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Settlement Paid in Full

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Daniel Cohen
UpdatedApr 26, 2011

Will paying a delinquent account in full have a greater impact on my credit score than a smaller settlement amount?

I was wondering the difference between "Settlement paid in full" and "Settlement paid, but not in full". I am debating whether to pay off my debt in full or to just take the 60% settlement offer. The account was under dispute for quite some time and I need to know how big of an impact it will have on my credit score/report if I pay in full or just accept the settlement? This is the only blemish on my credit report. All my other accounts are in good standing so please tell me what I should do. Thanks!

This account damaged your credit report the moment it became delinquent. Your resolving the debt by paying the full balance due or a settlement for 60 cents on the dollar makes no difference to the algorithms behind the FICO score, Vantage Score, or PLUS Score. None detect the amount of the settlement, whether it be 10%, 60%, or 100% of the amount due.

In other words, pay the settlement amount.

FICO, PLUS Score, and Vantage Score are calculated using mathematical methods that incorporate credit history, amount of credit used and available, number of late and on-time payments, whether any payments due are in default, and other variables. The credit report lists specific accounts and financial history that go into the credit score. The proponents of FICO, PLUS Score, and Vantage Score claim their scores are superior to the competition at predicting future consumer behavior. These claims are unsubstantiated. Regardless, FICO is the go-to score most mortgage and vehicle finance companies use when calculating a consumer's credit score.

Factors in a Credit Score

There are five key factors that go into calculating your credit score, with certain items carrying more weight than others. These factors are as follows:

1. Payment history

Payment history counts for approximately 35% of a score. It is the most heavily weighted factor used in calculating your credit score. Consistently paying your bills on time has a positive influence on your score, while late or missed payments will hurt you in this area.

If you have delinquent payments, the older the delinquency the less the negative impact on your score will be. Collection accounts and bankruptcy filings are also taken into consideration when analyzing your payment history.

2. Total debt and total available credit

Total debt and total available credit counts for about 30%. This section looks at how much debt you have compared to the total available credit on your accounts. If all of your accounts are maxed out, you will be considered a poor credit risk, because it appears that you are struggling to pay off the debt you have already incurred.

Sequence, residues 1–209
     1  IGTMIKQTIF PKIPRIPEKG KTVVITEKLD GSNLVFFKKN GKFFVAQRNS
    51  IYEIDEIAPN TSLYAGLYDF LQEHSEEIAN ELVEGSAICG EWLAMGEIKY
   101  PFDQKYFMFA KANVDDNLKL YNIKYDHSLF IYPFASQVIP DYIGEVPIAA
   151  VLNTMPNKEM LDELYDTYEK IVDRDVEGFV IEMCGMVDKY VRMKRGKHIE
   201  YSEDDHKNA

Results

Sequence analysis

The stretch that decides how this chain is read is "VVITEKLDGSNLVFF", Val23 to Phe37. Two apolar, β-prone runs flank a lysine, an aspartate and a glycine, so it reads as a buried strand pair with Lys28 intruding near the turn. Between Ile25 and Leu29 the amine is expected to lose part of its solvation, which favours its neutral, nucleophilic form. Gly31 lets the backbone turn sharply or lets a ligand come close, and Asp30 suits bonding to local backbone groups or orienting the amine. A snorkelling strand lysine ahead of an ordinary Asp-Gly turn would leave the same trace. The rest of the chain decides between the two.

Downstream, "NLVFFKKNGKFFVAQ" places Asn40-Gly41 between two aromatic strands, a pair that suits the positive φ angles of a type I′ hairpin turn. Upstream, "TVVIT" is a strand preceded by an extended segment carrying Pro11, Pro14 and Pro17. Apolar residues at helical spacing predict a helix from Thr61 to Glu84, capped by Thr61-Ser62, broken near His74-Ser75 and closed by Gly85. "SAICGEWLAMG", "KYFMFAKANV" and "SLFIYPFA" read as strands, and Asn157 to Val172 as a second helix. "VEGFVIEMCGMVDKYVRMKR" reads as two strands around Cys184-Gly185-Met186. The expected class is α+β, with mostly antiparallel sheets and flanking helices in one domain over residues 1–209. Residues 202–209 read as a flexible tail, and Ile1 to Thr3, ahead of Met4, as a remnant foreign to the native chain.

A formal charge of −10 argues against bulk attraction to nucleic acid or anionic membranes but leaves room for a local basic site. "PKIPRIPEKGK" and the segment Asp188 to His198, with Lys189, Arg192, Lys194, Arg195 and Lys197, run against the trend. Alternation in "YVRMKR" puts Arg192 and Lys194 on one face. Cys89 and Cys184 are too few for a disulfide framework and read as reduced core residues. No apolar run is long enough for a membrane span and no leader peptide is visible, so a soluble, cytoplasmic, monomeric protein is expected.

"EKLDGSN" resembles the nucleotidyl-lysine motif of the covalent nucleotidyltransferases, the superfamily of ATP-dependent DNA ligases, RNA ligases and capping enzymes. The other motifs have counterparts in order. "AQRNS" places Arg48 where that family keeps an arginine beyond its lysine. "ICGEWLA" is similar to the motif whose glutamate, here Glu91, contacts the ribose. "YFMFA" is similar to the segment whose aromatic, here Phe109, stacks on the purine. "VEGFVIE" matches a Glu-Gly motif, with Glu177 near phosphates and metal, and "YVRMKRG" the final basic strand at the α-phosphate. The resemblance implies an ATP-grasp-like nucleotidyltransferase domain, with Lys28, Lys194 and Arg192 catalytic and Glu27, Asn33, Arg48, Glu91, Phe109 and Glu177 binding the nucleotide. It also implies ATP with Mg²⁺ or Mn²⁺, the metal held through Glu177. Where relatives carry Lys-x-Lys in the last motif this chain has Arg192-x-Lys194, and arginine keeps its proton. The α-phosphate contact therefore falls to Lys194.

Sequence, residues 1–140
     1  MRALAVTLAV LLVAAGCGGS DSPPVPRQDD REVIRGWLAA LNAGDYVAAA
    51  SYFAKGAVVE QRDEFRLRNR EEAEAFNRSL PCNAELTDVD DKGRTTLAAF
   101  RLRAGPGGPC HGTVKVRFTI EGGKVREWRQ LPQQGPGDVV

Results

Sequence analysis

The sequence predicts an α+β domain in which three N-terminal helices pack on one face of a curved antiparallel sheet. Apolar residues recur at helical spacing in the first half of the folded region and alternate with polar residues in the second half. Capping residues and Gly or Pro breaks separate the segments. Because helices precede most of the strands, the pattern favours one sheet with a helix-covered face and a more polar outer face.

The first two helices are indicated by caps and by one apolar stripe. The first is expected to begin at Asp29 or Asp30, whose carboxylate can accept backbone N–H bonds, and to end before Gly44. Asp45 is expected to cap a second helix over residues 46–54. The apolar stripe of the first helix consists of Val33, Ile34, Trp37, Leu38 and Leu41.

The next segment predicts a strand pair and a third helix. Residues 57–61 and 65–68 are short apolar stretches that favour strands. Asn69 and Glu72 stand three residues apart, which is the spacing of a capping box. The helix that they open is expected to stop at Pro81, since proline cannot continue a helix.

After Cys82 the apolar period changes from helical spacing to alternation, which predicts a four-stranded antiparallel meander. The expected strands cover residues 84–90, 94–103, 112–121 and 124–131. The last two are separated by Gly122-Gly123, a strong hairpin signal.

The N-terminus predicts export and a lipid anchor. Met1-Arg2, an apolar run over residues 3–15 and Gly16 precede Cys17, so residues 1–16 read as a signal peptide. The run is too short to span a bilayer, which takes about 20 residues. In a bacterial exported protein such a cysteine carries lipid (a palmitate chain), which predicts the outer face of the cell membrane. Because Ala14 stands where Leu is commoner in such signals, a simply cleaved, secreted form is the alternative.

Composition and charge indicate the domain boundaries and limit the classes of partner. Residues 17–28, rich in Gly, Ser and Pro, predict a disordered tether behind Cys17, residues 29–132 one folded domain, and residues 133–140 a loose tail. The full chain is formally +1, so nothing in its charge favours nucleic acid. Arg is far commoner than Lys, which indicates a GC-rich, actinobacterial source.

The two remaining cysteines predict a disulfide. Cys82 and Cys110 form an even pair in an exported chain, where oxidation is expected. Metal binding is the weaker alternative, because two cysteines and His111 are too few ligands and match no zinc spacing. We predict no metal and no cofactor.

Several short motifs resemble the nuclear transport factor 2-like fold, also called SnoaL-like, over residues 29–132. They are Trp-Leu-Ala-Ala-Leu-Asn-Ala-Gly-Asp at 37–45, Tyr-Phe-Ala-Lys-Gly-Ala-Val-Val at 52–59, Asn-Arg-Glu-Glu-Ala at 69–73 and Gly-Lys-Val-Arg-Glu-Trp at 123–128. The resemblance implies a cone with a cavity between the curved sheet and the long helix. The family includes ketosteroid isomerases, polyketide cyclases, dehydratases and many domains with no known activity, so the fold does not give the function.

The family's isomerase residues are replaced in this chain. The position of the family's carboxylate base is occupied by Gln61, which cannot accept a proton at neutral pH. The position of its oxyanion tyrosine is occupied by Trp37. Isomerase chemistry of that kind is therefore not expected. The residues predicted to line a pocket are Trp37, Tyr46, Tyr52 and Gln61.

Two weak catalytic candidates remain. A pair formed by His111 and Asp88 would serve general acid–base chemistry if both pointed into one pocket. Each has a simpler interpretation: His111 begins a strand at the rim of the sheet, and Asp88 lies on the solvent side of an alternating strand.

If your account balances are relatively low compared to your available credit, this part of the risk analysis should help your overall credit score. The score calculation also looks at these two factors independently.

Having too much available credit, whether you have used it or not, could hurt your credit score, as statistical studies have shown that people with excessive amounts of available credit are a higher credit risk. Unfortunately, the bureaus do not define exactly what they consider excessive, so best tip is to use credit conservatively and to keep your debt-to-credit limit ratio low.

3. Length of positive credit history

Length of positive credit history counts for about 15%. The longer you maintain accounts in good standing, the better your score will be. This shows that you are able to make a long-term commitment to a creditor and are consistently responsible about making your payments.

4. Mix of types of credit

Mix of types of credit counts for approximately 10%. Having several different types of credit, such a credit cards, consumer loans, and secured debt, will have a positive influence on your credit score. Having too much of one type of credit can have a negative impact.

5. New credit applications

The number of new credit applications you have recently completed accounts for about 10% of your score. Applying for too much new credit in a short time period makes indicates that you could be credit risk, as you may be desperately trying to keep your head above water. The models make an exception for people who are shopping around for a loan, so if you are simply applying to see who can give you the best rate on a new loan, you need not worry too much about damaging your credit score.

While you cannot calculate your own credit score accurately, you can review your credit report on the five factors named above to get an idea of whether the accounts listed on your credit report are hurting or helping your credit score. You can then take action to improve any potential problems, such as paying down your balances or paying off collection items.

I hope this information helps you Find. Learn & Save.



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